Most movies made from DC Comics characters get low ratings by critics while most movies made from Marvel Comics characters get high ratings by critics. It got so bad that after dismal reviews for “Suicide Squad,” many DC Comics fans tried to boycott the Rotten Tomatoes site that collects critic’s reviews and grades the movie accordingly. DC Comics fans insisted that Rotten Tomatoes and critics in general simply hated DC Comics unfairly, but the truth is that many DC Comics movies simply aren’t that good.
Watch “Suicide Squad” and “Man of Steel” and you’ll see two flaws right away. Both movies rely on lots of flashbacks that halt the forward momentum of the story and constantly restart the story again and again. In comparison, most Marvel Studio movies like “The Avengers” or “Deadpool” take you on a journey with the hero from start to finish with few (if any) flashbacks to slow down the story or halt it completely. That’s the major difference between DC Comics movies and Marvel Comics movies.
In “Man of Steel,” the story jumps around when the hero (Clark Kent) is a kid, then a young man trying to hide his identity among oil rig workers and fishermen. Yet the purpose of each of these scenes is just to show the hero forced to do something good and reveal his true strength. Then another scene with completely different characters pops up again and the same type of scene repeats itself all over again.
What we learn from all these flashbacks is that the hero must save others using his strength that he’s trying to hide from others. These scenes provide no tension or suspense, and have little relevance to the rest of the movie other than to show us how tormented the hero is in hiding his true nature. The first time this might be important, but to keep repeating this over and over again simply bores us and drags the story to a halt.
In “Suicide Squad,” the story constantly stops as flashbacks tell us the origin story of each major character. By the time we get done watching all of these origin stories of all the major characters, the movie’s almost over.
Both “Man of Steel” and “Suicide Squad” also lack a direct threat from the villain from start to finish. Instead, “Man of Steel” goes long stretches where we never see the villains at all. “Suicide Squad” offers villains that look like giant lumps in the shape of people, attacking the Suicide Squad, but the main villain doesn’t seem to pose much of a threat until the end.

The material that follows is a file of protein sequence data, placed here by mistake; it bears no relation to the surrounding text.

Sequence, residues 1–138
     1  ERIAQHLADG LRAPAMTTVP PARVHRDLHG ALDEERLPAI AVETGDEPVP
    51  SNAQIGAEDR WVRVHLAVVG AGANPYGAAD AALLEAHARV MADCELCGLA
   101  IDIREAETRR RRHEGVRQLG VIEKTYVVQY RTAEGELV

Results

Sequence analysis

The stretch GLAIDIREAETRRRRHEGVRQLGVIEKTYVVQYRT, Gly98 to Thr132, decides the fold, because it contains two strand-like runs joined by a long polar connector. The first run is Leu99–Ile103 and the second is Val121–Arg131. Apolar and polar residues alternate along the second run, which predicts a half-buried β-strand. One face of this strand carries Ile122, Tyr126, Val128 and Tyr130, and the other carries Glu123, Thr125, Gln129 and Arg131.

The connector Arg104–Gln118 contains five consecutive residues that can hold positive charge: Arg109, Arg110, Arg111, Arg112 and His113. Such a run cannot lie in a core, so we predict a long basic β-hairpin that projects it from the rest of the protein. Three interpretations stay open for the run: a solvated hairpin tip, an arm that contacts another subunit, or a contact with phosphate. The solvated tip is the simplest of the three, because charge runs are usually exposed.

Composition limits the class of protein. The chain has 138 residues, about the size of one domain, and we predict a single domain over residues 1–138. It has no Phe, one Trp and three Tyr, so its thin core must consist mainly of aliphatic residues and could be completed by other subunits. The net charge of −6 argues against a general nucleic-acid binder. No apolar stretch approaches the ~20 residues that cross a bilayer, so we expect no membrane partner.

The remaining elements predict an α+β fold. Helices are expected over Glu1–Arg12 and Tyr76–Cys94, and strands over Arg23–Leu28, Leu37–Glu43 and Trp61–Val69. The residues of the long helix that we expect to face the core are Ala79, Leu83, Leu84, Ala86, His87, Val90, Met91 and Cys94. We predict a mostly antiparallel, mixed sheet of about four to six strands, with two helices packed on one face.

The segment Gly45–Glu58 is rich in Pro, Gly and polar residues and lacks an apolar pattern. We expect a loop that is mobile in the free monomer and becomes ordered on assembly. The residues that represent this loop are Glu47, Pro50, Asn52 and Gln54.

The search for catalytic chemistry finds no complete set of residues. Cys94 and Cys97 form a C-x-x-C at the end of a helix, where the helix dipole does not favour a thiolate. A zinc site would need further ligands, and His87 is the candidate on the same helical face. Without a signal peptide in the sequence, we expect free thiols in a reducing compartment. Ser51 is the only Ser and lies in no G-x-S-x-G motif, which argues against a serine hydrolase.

Now look at “Iron Man” where the villain was responsible for the attack on Tony Stark (the hero) when he’s traveling in a convoy that gets ambushed and he gets taken prisoner. At all times in “Iron Man,” we’re following the hero as he experiences his dangers and threats from the villain without the disruption of flashbacks to slow the action down.
“Deadpool” relies on flashbacks but it first grabs our attention with the hero (Deadpool) attacking some bad guys. Then he goes back to explain how he got to that situation in the first place, but the opening scene hooks us and then the flashback brings us back to the opening scene. So large parts of the movie consists of a continual story. In comparison, “Man of Steel” and “Suicide Squad” constantly jerk us out of the story and dump us in a flashback to provide one chunk of information before yanking us out of the flashback and throwing us back into the story again.
This constant interruption wrecks “Man of Steel” and “Suicide Squad” but the flashback is the main story in “Deadpool” so once the flashback interrupts the story, the story keeps moving forward from that point on until it catches up to the beginning again.
Constant flashbacks kill the momentum in “Man of Steel” and “Suicide Squad.” The lack of constant flashbacks keeps the story flowing in movies like “Deadpool” and “Iron Man.”
The difference between DC Comics and Marvel Comics has nothing to do with the super heroes or the imagined conspiracy against DC Comics by critics. Instead, the difference rests solely on poor story structure for DC Comics movies and far better story structure for Marvel Comics movies.
Story structure is crucial, and that’s one formula for success that DC Comics movies keep failing to grasp.